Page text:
While you are being treated with doxorubicin, and after you stop treatment with it, do not have any immunizations (vaccinations) without your doctor's approval. Doxorubicin may lower your body's resistance, and there is a chance you might get the infection the immunization is meant to prevent. In addition, other persons living in your household should not take oral polio vaccine, since there is a chance they could pass the polio virus on to you. Also, avoid persons who have taken oral polio vaccine within the last several months. Do not get close to them, and do not stay in the same room with them for very long. If you cannot take these precautions, you should consider wearing a protective face mask that covers the nose and mouth.

Doxorubicin can temporarily lower the number of white blood cells in your blood, increasing the chance of getting an infection. It can also lower the number of platelets, which are necessary for proper blood clotting. If this occurs, there are certain precautions you can take, especially when your blood count is low, to reduce the risk of infection or bleeding:

  • If you can, avoid people with infections. Check with your doctor immediately if you think you are getting an infection or if you get a fever or chills, cough or hoarseness, lower back or side pain, or painful or difficult urination.
  • Check with your doctor immediately if you notice any unusual bleeding or bruising, black, tarry stools, blood in the urine or stools, or pinpoint red spots on your skin.
  • Be careful when using a regular toothbrush, dental floss, or toothpick. Your medical doctor, dentist, or nurse may recommend other ways to clean your teeth and gums. Check with your medical doctor before having any dental work done.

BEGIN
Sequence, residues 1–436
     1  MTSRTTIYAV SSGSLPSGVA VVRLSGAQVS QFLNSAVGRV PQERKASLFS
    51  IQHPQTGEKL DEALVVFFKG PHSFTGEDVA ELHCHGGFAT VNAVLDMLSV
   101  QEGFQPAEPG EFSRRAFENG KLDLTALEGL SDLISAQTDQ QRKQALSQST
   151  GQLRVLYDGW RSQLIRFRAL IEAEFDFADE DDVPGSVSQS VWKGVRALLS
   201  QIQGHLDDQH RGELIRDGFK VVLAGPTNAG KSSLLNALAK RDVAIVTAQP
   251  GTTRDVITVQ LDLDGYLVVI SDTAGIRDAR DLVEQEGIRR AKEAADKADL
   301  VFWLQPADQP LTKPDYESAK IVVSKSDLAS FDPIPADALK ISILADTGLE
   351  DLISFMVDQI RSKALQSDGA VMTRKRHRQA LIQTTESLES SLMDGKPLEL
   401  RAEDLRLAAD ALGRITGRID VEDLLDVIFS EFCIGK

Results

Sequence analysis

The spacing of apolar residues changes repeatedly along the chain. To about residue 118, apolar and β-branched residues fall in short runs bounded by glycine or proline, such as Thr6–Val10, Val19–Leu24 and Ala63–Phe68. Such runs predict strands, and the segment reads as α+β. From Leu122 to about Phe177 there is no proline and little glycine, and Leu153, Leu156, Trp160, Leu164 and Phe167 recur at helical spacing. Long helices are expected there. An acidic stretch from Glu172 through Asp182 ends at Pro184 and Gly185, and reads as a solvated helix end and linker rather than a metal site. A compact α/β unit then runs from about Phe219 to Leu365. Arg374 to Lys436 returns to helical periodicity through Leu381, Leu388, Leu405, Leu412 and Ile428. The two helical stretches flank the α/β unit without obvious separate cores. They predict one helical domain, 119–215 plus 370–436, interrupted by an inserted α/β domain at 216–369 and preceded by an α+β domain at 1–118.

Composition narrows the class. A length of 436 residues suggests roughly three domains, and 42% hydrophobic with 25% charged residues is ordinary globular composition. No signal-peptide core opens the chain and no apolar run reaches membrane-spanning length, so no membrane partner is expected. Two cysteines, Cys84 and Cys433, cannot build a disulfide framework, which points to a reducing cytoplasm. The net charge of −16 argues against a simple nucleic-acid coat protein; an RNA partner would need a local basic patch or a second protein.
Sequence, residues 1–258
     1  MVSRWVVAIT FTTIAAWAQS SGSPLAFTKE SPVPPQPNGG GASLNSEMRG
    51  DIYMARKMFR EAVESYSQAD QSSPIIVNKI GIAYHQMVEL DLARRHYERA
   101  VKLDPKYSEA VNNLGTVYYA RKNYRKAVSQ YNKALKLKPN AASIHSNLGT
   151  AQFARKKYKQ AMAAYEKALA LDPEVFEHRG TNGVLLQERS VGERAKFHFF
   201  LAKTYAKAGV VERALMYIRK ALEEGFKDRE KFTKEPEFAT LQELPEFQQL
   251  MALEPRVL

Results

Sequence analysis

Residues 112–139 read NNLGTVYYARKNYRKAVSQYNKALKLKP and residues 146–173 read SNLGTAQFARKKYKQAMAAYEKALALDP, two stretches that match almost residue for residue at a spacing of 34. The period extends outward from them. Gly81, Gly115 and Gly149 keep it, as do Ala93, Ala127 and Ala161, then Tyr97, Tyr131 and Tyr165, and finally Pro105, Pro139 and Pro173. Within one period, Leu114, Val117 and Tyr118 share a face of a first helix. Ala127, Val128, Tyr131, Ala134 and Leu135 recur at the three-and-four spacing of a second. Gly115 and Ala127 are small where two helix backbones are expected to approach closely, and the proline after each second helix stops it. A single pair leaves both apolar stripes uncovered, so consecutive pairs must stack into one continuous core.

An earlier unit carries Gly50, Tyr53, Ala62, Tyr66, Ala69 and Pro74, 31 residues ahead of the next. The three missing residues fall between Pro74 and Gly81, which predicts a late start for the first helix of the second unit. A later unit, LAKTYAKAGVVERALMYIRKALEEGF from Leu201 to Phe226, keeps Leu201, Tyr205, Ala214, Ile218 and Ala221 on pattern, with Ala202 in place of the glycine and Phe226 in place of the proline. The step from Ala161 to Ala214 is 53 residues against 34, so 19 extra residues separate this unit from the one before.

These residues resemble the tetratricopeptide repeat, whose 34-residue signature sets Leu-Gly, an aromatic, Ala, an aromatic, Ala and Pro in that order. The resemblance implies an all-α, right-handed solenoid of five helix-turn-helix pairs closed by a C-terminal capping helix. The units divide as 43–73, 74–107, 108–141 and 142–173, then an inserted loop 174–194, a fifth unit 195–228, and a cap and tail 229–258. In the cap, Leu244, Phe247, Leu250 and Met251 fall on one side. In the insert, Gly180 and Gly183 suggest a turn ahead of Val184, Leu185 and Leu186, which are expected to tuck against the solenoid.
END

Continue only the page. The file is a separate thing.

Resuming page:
• Do not touch your eyes or the inside of your nose unless you have just washed your hands and have not touched anything else in the meantime.
  • Be careful not to cut yourself when you are using sharp objects such as a safety razor or fingernail or toenail cutters.
  • Avoid contact sports or other situations where bruising or injury could occur.

This medicine may cause a serious type of reaction called tumor lysis syndrome. Your doctor may give you a medicine to help prevent this. Call your doctor right away if you have a decrease or change in urine amount, joint pain, stiffness, or swelling, lower back, side, or stomach pain, a rapid weight gain, swelling of the feet or lower legs, or unusual tiredness or weakness.

This medicine may decrease the amount of sperm made and affect a man's ability to father a child. It may also cause premature menopause in women. Talk with your doctor before you use this medicine if you plan to have children.

Doxorubicin causes your urine to turn reddish in color, which may stain clothes. This is not blood. It is to be expected and only lasts for 1 or 2 days after each dose is given.

Do not take other medicines unless they have been discussed with your doctor. This includes prescription or nonprescription (over-the-counter [OTC]) medicines and herbal (eg, St. John's wort) or vitamin supplements.

References

1. “Hazardous Drugs”. OSHA. http://www.osha.gov/SLTC/hazardousdrugs/index.html

Administrative Information

LactMed Record Number

99

Last Revision Date

20170411

Disclaimer

Information presented in this database is not meant as a substitute for professional judgment. You should consult your healthcare provider for breastfeeding advice related to your particular situation. The U.S. government does not warrant or assume any liability or responsibility for the accuracy or completeness of the information on this Site.